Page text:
The blog has a leaflet and petition that can be printed and distributed at your university. It’s very important that the higher education community all over the country makes it clear that we will not stand by while university managements victimise students and staff who are standing up for education.

There is a rally in support of the suspended staff and students on Thursday 27 May at 4pm, at the Hendon Campus. Please write, call, and email the Board of Governors at Middlesex to let them know that this victimisation will not stand!

Follow the Save Middlesex Philosophy campaign on Twitter: @SaveMDXPhil


Members of the National Campaign attended the Right to Work emergency conference on Saturday in London, putting forth two proposals in the Fighting Education Cuts workshop: 1) to fully support any occupations and direct action taken by staff and students fighting cuts and 2) to pressure the NUS, which promised to arrange a demonstration against cuts, to actually do so. Full report to come later.

Follow the Education Activist Network on Twitter: @edactivistnet


The six students at Sussex University who were suspended last term and then reinstated after massive public outcry faced their disciplinary panels on 18 May. Faced with a ludicrous lack of evidence, the panel found the six students not guilty of riot and intimidation but guilty of disruption.

Their punishment is a fine, which the students plan to appeal, and letters to members of Sussex House staff acknowledging that they may have felt intimidated. The result of these panels is a clear indicator of just how weak the case against the six students was.

Faced with increasingly resistant students and staff, university managements are escalating their tactics, as Middlesex and Sussex have found. It is vitally important that anti-cuts movements across the country show solidarity with each other and demonstrate that we will not be bullied into submission by ham-handed authoritarian responses.

Follow Sussex Stop the Cuts on Twitter: @stopsussexcuts

And follow the National Campaign on Twitter: @imAFC

NUS conference 2010: NUS sinks further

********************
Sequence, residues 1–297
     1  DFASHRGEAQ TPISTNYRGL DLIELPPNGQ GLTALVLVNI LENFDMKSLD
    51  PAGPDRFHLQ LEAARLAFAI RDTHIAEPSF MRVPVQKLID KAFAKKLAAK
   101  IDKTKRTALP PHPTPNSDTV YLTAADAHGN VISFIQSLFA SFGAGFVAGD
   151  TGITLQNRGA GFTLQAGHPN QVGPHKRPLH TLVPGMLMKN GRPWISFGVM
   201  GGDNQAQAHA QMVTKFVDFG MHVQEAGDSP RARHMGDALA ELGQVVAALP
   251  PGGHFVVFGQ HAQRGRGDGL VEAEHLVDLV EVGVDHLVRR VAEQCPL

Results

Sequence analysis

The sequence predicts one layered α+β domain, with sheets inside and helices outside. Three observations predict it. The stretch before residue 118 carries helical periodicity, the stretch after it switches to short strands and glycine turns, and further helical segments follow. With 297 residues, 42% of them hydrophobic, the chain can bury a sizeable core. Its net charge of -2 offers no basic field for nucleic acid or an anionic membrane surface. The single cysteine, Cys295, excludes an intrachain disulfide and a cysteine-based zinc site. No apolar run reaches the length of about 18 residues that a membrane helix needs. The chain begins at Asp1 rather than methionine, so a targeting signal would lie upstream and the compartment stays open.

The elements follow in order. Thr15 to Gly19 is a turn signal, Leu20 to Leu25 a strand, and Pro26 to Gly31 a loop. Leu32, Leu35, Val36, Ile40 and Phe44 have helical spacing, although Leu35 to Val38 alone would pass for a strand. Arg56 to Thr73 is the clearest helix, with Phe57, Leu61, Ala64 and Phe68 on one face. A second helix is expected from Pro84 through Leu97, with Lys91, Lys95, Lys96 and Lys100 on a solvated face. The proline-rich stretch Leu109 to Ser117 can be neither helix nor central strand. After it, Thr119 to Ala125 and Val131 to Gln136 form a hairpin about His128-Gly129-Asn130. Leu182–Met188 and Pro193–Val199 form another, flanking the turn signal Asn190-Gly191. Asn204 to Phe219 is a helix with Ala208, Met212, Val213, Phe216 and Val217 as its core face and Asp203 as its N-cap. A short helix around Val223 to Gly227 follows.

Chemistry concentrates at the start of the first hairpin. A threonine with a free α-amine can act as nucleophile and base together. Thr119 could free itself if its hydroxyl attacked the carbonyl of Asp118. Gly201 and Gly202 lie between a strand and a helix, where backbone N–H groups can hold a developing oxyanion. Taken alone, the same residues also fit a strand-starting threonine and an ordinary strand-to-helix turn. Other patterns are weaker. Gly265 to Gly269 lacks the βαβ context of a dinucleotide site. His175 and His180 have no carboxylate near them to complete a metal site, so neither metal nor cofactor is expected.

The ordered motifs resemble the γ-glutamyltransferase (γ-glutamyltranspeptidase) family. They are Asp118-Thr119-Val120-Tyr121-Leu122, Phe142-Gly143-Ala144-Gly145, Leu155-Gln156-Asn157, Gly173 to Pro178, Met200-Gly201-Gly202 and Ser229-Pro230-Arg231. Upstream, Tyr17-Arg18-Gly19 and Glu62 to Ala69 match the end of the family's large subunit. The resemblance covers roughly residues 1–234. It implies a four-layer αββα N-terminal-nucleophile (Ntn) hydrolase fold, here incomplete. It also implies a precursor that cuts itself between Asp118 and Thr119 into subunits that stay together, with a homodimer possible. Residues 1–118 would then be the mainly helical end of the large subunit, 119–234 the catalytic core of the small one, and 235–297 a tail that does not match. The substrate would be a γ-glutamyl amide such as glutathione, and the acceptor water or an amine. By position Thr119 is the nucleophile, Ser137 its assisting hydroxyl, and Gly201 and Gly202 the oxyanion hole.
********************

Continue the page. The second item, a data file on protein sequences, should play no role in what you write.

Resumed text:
This report does not necessarily reflect the views of NCAFC. If you would like us to publish alternative views on NUS conference, or just let us know what you think, drop us an email at [email protected]

By Daniel Randall, NUS Trustee Board
(originally published, and viewable in full, at Some criticism of the SWP has been removed from this version.)

Despite a background of impressive grassroots struggles against cuts and fees, NUS conference 2010 (Newcastle, April 13-15) saw the Blairite leadership of the national union entrench itself and push further down the road of bureaucratisation, depoliticisation and capitulation to the government. Even by the low standards of recent years, it was a bad conference for the left and those who want a campaigning student movement – at a time when students need one more than ever.
[Read more…]

NUS conference: issues for anti-cuts, free education and left activists

Reprinted from Education Not for Sale. This is posted for information and does not necessarily reflect the position/perspective of everyone involved with NCAFC.

By Daniel Randall, NUS Trustee Board, and Chris Marks, Hull University VP Education, NCAFC northern co-convenor and candidate for NUS President

This year’s NUS conference (13-15 April, in Newcastle, the first not to take place in Blackpool for decades) meets against the background of huge cuts to higher education – some of the first New Labour’s cuts to really bite. We have seen the development of anti-cuts groups on many campuses and big struggles at a series of institutions, notably Tower Hamlets, London Met, Leeds, Westminster and Sussex. The National Campaign Against Fees and Cuts has linked up and organised student activists in a fight back across the country.

Unfortunately, very little of this will be reflected at the conference. With the new, anti-democratic structure pushed through last year and the recent dramatic cut in delegation sizes, the conference will be more dominated by friends of the leadership among conservative sabbaticals than ever.
[Read more…]

NCAFC @ NUS conference, 13-15 April, Newcastle

Come and help the National Campaign Against Fees and Cuts at the National Union of Students conference 2010.

The NUS leadership have accepted that fees and cuts are inevitable – we haven’t, and we want to fight them.

We’ll be holding regular caucuses, doing a stall courtesy of the kind folks from Education Not for Sale, distributing literature, signing up new supporters and participating in the debates. We also plan to hold a fringe meeting, and NCAFC supporters will be standing in elections to the NUS national executive.

If you’re not a delegate but want to come and help out, we can find you somewhere to stay.

For more information check back here, email [email protected] or ring 07961 040 618

Facebook event here